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Undeclared: Should It Be The Norm?  
User currently offlineAerospaceFan From , joined Dec 1969, posts, RR:
Posted (8 years 5 months 3 weeks 3 days 6 hours ago) and read 1659 times:

Have you ever wondered why everyone who goes to a traditional college has to declare their major in order to be graduated? I think that the justification sometimes given is that you can't just putter around dabbling at things in life, and that you have to more or less specialize in something eventually.

However, that seems to run up against the idea of a liberal education, where, essentially, you are encouraged to be exposed to everything that the university has to offer in order to be a more "well rounded" individual.

I'm sure there is a good reason that every college student is expected to declare a major before long. But I can't really remember what it is.

Should status as "undeclared" be the norm rather than the exception?

Just wondering.  

[Edited 2006-04-04 04:23:33]

3 replies: All unread, jump to last
 
User currently offlineRedngold From United States of America, joined Mar 2000, 6907 posts, RR: 44
Reply 1, posted (8 years 5 months 3 weeks 3 days 5 hours ago) and read 1641 times:

The problem with "undeclared" is that in some colleges it forces you into a narrower set of programs if you must complete your education in four years.

For example, in 1992 when I started at University of Delaware, they had two degrees available in many College of Arts and Sciences programs: Bachelor of Science (intensive) and Bachelor of Arts (focused.)

Here's how it went:
If you were getting a Bachelor of Arts, you were limited to no more than 60 credits in your major area of study, and you were required to take 12-14 credits in other group areas such as Natural Science, Arts & Humanities, History, and Empirical studies of culture.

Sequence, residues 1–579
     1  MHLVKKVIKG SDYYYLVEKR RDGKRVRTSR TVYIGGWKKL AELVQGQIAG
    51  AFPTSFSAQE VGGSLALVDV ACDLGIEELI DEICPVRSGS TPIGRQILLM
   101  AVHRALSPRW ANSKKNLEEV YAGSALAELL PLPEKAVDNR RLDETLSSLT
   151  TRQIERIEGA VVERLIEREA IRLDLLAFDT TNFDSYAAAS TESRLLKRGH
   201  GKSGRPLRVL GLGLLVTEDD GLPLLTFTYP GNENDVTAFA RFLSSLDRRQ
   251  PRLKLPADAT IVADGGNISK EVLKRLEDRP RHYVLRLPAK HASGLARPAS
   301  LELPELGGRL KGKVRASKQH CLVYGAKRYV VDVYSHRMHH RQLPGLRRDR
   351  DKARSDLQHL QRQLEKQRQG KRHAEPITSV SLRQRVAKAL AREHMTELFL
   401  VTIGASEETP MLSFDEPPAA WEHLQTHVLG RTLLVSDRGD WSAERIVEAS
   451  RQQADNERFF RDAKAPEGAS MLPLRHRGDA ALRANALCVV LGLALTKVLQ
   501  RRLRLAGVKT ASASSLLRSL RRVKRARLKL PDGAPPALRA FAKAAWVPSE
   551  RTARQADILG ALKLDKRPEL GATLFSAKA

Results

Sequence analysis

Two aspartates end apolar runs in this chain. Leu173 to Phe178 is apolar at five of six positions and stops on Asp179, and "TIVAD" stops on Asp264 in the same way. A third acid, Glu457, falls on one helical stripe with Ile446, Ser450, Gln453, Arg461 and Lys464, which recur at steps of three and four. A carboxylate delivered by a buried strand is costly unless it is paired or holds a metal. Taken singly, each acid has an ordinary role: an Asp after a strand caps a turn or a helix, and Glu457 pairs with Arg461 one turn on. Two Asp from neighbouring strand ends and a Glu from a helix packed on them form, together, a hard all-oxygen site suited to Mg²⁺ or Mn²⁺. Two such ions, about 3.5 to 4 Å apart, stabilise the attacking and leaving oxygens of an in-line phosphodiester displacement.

If you were getting a Bachelor of Science or Bachelor of Music, the department decided how many credits you had to take within your major, and your group area requirements were lowered accordingly. Most of these programs required sequential study that could only be completed in four years if started during freshman year.

I started, from day one, in the Bachelor of Music in Music Education (BMME) program. Because I had taken A.P. courses in high school, I had a little bit of leeway in my group requirements and freshman music theory, and my foreign language requirement was completed. Out of 17 credits in my first semester, 9 of them were in music - but if I had been taking the freshman music theory courses, I would have taken 14 credits in music. My second semester, out of seventeen credits I took 14 in music. My third semester (fall of sophomore year), I took 16 credits - all in music. During my fourth semester, I took 14 credits in music and 3 in education - all directly related to my major.

It was after that semester that I decided I needed to get out of the BMME program and go into the B.A. in Music program, so that I could take pre-med courses. My parents made it clear that a fifth year was financially out of the question, even though it would have allowed me to get a dual BMME/BA degree.